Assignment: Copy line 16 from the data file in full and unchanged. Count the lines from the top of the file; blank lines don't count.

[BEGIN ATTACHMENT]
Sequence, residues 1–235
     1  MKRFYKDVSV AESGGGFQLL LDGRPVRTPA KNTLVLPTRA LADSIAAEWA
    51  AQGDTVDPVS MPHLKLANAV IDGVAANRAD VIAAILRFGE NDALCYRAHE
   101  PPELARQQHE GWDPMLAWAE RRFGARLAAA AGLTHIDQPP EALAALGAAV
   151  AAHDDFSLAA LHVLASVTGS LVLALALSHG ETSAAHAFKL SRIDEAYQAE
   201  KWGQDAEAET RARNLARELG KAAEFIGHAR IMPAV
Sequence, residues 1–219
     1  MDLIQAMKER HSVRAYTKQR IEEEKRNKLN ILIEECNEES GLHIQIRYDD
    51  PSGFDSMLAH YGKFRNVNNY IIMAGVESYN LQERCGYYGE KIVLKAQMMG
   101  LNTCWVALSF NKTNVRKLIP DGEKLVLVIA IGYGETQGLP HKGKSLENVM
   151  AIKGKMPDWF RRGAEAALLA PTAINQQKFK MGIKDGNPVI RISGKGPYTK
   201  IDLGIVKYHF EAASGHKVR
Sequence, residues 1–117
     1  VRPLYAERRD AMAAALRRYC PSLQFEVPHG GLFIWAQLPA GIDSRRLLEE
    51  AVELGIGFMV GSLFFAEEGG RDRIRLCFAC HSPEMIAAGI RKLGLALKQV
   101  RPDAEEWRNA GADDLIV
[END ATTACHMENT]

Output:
   101  RPDAEEWRNA GADDLIV